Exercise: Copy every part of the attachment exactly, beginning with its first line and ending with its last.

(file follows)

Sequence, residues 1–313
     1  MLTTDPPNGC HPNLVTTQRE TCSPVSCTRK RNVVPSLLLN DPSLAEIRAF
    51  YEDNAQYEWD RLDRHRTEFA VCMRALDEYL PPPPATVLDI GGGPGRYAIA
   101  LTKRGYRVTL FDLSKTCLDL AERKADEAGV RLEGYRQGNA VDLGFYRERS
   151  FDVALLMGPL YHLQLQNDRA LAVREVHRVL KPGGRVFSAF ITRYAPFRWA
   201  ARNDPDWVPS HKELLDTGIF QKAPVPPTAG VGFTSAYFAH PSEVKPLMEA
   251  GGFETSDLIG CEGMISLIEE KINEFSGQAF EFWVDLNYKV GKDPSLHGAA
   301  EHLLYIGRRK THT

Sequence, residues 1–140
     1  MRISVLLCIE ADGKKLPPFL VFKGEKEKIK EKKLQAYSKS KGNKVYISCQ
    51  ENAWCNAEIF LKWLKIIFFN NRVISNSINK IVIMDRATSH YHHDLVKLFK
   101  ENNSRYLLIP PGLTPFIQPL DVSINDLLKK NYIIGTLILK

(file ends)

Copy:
Sequence, residues 1–313
     1  MLTTDPPNGC HPNLVTTQRE TCSPVSCTRK RNVVPSLLLN DPSLAEIRAF
    51  YEDNAQYEWD RLDRHRTEFA VCMRALDEYL PPPPATVLDI GGGPGRYAIA
   101  LTKRGYRVTL FDLSKTCLDL AERKADEAGV RLEGYRQGNA VDLGFYRERS
   151  FDVALLMGPL YHLQLQNDRA LAVREVHRVL KPGGRVFSAF ITRYAPFRWA
   201  ARNDPDWVPS HKELLDTGIF QKAPVPPTAG VGFTSAYFAH PSEVKPLMEA
   251  GGFETSDLIG CEGMISLIEE KINEFSGQAF EFWVDLNYKV GKDPSLHGAA
   301  EHLLYIGRRK THT

Sequence, residues 1–140
     1  MRISVLLCIE ADGKKLPPFL VFKGEKEKIK EKKLQAYSKS KGNKVYISCQ
    51  ENAWCNAEIF LKWLKIIFFN NRVISNSINK IVIMDRATSH YHHDLVKLFK
   101  ENNSRYLLIP PGLTPFIQPL DVSINDLLKK NYIIGTLILK